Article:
Friday, 29 April 2011

Extinct Thai deer might have survived in haunted Laos jungle

Photo:West Berlin Zoo, Lothar Schlawe (1911)
The Schomburgk's deer may once have occurred as far north as Yunnan (China) and Laos, but is known with certainty only from central Thailand in swampy plains, especially the Chao Phya River Valley.
It's antlers also used for medical purposes made nice trophies for hunters, until the animal finally became extinct.
The last known specimen, an adult male, was kept as a pet at a temple in the Samut Sakhon province of Thailand. A drunk local killed this male in 1938 (Huffman, 2004). No confirmed reports of this species have since been heard and it is formally declared extinct since 1996.
During a visit to a Chinese medicine shop in a relativley remote area of Laos in February 1991, Laurent Chazée, an agronomist with the United Nations, saw a pair of antlers for sale. Not recognising the species, he photographed the antlers. The shop owner told Chazée the antlers came from a nearby district and that the animal had been killed in 1990. Later Chazée identified the antlers as coming from a Schomburgk's deer.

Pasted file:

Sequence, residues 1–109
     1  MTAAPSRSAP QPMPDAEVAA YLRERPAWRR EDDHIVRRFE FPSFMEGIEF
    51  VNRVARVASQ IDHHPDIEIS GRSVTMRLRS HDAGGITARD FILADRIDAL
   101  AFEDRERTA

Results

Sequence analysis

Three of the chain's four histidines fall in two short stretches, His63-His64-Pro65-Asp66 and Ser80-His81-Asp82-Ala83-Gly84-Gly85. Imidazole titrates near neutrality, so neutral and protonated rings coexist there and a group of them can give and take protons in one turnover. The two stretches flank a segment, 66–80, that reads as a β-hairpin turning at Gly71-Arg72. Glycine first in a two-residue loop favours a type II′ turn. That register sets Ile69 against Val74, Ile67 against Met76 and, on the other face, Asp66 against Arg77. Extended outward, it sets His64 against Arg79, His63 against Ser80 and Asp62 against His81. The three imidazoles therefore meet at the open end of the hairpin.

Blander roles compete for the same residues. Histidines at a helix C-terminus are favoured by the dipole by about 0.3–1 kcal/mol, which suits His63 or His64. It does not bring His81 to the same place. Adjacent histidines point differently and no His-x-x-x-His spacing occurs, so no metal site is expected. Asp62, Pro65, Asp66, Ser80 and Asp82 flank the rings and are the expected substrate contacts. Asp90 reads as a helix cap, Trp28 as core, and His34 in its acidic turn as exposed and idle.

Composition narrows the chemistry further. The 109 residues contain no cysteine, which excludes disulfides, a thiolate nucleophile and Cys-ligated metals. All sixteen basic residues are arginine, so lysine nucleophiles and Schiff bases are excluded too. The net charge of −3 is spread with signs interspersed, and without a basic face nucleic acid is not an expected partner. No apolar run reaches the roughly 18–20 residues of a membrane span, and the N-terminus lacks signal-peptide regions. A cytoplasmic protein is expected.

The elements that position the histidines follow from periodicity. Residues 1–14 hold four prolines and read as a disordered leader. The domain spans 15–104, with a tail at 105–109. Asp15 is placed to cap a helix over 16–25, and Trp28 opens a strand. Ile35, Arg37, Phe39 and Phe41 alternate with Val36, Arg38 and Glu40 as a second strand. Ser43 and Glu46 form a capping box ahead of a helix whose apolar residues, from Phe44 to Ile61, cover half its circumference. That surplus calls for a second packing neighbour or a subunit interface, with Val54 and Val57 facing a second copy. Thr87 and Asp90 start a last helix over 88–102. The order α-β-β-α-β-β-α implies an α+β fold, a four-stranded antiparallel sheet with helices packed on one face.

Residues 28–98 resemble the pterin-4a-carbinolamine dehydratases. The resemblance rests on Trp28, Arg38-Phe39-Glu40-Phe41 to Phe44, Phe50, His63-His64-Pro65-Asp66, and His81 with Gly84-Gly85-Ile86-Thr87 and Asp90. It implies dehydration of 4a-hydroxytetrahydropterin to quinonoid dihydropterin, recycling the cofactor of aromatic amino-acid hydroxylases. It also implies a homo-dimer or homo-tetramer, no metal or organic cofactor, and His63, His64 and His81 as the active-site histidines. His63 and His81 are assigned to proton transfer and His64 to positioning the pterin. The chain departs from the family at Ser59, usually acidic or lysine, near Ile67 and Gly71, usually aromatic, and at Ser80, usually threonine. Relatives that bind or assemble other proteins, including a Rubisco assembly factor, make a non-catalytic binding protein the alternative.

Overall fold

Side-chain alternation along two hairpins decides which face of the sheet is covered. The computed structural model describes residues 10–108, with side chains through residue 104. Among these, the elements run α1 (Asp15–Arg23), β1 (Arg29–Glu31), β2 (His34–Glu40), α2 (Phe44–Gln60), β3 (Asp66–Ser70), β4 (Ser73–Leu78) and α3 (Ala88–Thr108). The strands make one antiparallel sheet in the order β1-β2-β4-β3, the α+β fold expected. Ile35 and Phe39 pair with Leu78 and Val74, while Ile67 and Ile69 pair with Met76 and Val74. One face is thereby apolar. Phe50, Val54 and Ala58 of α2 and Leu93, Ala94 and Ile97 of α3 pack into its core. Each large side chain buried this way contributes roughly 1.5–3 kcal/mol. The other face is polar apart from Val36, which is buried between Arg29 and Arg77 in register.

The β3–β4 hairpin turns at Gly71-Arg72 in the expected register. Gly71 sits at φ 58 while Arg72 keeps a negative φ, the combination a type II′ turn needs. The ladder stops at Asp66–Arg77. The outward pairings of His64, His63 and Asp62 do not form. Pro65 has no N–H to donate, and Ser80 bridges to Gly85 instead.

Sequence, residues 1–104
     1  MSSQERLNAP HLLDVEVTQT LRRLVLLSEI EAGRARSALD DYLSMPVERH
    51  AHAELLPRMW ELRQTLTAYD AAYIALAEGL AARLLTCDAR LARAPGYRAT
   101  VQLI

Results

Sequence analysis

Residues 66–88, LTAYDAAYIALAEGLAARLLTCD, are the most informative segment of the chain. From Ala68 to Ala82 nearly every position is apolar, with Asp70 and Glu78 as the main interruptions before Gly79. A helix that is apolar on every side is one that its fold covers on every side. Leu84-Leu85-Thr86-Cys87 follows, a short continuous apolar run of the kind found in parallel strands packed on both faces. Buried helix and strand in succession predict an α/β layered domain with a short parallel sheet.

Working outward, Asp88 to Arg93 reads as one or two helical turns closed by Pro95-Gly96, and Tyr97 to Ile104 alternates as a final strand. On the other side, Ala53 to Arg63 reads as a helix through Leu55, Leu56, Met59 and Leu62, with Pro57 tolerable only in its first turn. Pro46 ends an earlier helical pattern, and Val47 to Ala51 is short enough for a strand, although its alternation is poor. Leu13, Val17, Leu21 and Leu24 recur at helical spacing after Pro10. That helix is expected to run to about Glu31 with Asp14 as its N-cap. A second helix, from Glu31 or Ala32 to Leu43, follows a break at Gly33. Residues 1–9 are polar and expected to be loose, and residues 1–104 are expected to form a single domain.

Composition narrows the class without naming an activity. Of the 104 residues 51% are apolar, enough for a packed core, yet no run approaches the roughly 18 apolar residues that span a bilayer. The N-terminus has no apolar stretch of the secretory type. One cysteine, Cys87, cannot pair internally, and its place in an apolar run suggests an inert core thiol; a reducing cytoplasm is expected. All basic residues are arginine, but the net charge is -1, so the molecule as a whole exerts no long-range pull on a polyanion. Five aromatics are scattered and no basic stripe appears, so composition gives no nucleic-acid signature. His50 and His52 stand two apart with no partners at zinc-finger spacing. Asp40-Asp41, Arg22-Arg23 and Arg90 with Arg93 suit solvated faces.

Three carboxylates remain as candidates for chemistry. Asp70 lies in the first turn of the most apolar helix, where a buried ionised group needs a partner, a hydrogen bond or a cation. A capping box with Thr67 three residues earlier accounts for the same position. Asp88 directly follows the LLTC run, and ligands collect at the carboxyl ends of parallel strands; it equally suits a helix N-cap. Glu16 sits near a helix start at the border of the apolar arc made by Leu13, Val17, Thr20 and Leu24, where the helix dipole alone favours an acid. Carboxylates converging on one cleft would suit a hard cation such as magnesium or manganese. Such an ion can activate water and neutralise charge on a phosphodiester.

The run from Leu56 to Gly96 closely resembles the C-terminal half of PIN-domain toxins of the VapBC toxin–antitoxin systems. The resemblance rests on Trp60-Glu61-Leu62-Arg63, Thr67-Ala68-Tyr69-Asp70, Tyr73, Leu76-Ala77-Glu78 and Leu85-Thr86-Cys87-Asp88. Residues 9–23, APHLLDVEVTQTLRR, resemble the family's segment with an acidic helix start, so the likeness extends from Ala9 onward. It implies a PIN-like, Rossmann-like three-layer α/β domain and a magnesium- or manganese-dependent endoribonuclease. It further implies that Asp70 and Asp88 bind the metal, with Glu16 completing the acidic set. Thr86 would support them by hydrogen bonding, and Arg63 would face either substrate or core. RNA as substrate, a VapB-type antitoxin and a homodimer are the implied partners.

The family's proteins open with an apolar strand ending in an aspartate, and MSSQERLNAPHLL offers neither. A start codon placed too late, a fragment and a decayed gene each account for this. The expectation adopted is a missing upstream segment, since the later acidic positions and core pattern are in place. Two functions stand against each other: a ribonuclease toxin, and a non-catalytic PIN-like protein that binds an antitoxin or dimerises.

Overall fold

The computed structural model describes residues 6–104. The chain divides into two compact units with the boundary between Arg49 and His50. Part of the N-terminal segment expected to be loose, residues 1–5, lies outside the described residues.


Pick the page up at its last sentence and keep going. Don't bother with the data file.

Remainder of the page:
Local people consider the site to have strong animal spirits and hunting is prohibited there. This may explain why the Schomburgk's deer possibly survived in that area. (Schoering, 1995), (MacPhee & Flemming, 1999). Further research is needed.
For more on this topic see: the exctinction website, Schomburk's deer, List of mammals of Thailand, Animals and plants unique to Thailand


  1. Why was the Laos jungle haunted? :p

  2. I have no sources of the exact location, but people are very supersticous about going to special places let alone killing the animals there, since they believe it might effect their lives. The Laos jungle which covers 80% of the country is one of the last hideouts for rare species in S-E Asia.
    See also:



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